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SAE 30 - oil for small engine

plantlust's picture

So I got a new/used tool on Saturday (8HP chipper/shredder, still not big enough but YIPPEE anyway<G>) and I noticed that I'm supposed to check the oil after every 5 hours of use and add only SAE 30 oil.

Well, I stopped in a gas station yesterday and there is SAE 5-30 and a couple of other types. The bottle didn't give any real info.

So which SAE 30 oil should I use?

Oh the details, MTD 8HP chipper/shredder. Can handle up to 3inch diameter branches and bought it thru Craig's list.


Kitty has progressed from Hunter to Serial Killer.

Thanksgiving - a holiday for side dishes.

(post #86829, reply #1 of 22)

who made the motor???

 


Life is not a journey to the grave with the intention of arriving safely in a pretty and well preserved body, but rather to skid in broadside, thoroughly used up, totally worn out, and loudly proclaiming


WOW!!! What a Ride!



Forget the primal scream, just ROAR!!!


 



"Some days it's just not worth chewing through the restraints"

"Some days it's just not worth chewing through the restraints"

(post #86829, reply #18 of 22)

If I remember correctly, it's a Tec something.  American Indian.  Darnit, there was a "U" in the word too...


Kitty has progressed from Hunter to Serial Killer.

Thanksgiving - a holiday for side dishes.

(post #86829, reply #19 of 22)

Glasses, check.
Leather gloves, check...(found THAT out the hard way)
First time I got it started the dogs took off into the house, so Animal safety, check!


I have to remember not to get all enthusiastic and exceed the design limitations on this one either...



Kitty has progressed from Hunter to Serial Killer.

Thanksgiving - a holiday for side dishes.

(post #86829, reply #20 of 22)

that would be a Tecumseh...


http://www.tecumsehpower.com/CustomerService/BSI.pdf


 


Life is not a journey to the grave with the intention of arriving safely in a pretty and well preserved body, but rather to skid in broadside, thoroughly used up, totally worn out, and loudly proclaiming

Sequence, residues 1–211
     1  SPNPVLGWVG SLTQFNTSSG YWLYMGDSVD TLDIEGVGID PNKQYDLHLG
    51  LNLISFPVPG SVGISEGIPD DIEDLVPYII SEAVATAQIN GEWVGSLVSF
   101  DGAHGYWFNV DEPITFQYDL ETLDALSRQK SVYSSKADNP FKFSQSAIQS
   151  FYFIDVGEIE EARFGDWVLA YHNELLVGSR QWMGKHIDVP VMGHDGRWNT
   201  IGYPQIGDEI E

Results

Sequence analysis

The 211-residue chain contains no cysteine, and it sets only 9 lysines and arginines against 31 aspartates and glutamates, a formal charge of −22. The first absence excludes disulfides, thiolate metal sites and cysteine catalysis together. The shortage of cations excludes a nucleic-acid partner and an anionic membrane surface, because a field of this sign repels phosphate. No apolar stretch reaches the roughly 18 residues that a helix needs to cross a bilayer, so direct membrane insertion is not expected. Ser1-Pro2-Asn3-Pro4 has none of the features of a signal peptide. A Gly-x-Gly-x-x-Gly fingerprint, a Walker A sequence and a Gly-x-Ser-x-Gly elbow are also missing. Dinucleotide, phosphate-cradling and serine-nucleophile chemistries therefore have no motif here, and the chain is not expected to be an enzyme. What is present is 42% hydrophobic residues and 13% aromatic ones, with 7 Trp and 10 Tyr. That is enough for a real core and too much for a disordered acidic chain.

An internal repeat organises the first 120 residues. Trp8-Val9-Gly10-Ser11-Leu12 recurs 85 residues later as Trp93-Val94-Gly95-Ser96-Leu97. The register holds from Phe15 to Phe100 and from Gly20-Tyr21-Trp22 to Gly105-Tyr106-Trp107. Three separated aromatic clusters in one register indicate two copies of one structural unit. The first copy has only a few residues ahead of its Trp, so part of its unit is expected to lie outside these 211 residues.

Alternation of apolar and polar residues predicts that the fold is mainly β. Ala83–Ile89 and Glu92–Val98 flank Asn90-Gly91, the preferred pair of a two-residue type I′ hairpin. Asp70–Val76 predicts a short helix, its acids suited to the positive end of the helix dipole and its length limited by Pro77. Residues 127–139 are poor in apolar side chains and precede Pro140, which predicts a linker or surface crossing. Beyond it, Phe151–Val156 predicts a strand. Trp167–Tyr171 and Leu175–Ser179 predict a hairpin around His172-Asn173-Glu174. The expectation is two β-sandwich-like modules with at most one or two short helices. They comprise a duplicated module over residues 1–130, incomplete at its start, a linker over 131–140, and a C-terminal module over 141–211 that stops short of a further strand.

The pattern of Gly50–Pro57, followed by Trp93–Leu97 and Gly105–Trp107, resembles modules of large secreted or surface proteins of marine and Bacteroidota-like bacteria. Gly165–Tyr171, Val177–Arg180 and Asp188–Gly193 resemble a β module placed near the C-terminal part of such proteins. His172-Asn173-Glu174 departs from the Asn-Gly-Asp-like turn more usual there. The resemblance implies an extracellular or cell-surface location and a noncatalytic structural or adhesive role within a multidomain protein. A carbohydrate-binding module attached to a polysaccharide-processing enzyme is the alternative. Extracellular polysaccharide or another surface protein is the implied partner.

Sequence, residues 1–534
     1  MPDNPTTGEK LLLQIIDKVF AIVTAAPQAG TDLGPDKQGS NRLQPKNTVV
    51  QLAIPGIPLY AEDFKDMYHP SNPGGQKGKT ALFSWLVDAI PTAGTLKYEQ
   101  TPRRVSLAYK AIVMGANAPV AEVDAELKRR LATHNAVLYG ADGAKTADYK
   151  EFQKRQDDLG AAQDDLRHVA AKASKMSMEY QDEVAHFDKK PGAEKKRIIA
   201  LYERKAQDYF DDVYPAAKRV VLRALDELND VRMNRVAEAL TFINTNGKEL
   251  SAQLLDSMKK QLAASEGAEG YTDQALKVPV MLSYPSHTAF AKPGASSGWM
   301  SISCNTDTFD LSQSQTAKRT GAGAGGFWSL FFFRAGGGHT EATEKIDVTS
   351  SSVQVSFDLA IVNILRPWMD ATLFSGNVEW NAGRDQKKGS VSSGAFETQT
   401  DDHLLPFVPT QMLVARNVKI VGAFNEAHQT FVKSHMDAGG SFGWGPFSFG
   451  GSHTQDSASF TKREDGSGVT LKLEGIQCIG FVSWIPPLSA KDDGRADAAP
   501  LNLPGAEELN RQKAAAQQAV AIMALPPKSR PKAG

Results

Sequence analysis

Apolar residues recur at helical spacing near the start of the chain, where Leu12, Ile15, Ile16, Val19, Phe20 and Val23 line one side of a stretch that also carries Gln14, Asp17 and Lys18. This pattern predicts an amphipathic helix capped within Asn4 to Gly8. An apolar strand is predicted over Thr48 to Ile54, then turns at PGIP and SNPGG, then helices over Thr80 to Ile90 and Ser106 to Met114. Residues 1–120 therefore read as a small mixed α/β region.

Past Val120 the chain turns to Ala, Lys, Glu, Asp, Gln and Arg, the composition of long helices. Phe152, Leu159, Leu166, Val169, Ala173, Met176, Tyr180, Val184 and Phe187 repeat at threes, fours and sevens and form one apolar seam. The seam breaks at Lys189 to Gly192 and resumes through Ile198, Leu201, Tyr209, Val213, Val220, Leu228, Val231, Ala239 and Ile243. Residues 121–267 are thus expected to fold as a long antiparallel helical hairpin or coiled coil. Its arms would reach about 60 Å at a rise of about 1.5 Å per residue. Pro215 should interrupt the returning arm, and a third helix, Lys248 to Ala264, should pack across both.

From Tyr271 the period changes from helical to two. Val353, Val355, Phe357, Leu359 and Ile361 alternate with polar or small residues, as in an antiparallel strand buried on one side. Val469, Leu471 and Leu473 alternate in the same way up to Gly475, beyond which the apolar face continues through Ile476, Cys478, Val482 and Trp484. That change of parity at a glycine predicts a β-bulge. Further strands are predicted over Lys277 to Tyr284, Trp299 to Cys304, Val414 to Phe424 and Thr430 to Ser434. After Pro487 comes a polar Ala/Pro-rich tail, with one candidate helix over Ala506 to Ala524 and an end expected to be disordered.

WOW!!! What a Ride!



Forget the primal scream, just ROAR!!!


 



"Some days it's just not worth chewing through the restraints"
"Some days it's just not worth chewing through the restraints"

(post #86829, reply #21 of 22)

I'm pretty good with engines, but those that design them know a whole lot more about them than I do. If they say to use 30W, that's what I use, and that's what I'd recommend others to use.

My current choice of 30W oil, though, is Shell Rotella, which is for diesel engines. Gas-engine motor oils have had zinc and phosphorus removed from them in recent years; these were very good lubricants for surfaces such as camshaft lobes and lifters. Diesel oils still have these compounds. Most auto parts stores, such as Pep Boys, carry this oil.


Edited 6/13/2009 9:34 am ET by OverKnight

All that is necessary for the triumph of evil is for good men to do nothing. - Edmund Burke

(post #86829, reply #22 of 22)

If it's a Tecumseh, use whatever oil you like; they won't honour their 'guarantee' anyway. Buncha crooks....


 


 


Okay, that's just my angry oozing out; chintzy bastards refused a legit warranty claim for a snowblower engine they manufactured which allowed rain water to enter the crankcase. 


Use SAE 30 summer, SAE 5 or 10 in cool (under 32F) weather.


The reason for the thinner oil in cold weather is twofold: (1) it'll be easier to start, and (2) the thinner oil will splash up onto the cylinder walls better on start-up at cold temps than thicker stuff, helping prevent scoring.



Dinosaur


How now, Mighty Sauron, that thou art not brought
low by this? For thine evil pales before that which
foolish men call Justice....


Dinosaur

How now, Mighty Sauron, that thou art not brought
low by this? For thine evil pales before that which
foolish men call Justice....

(post #86829, reply #2 of 22)

Both will work just fine. The main thing to do is maintain the oil level and change it now and again as the mood strikes you. Keep the air filter somewhat clean and if you want it to start every time, drain the carburetor every time you use it before storing it away. If you don't have a fuel shut off valve, drain the tank each time and then restart the motor and let it run at half speed till it quits from gas starvation. Don't store gas for long periods of time and get fresh fuel each season.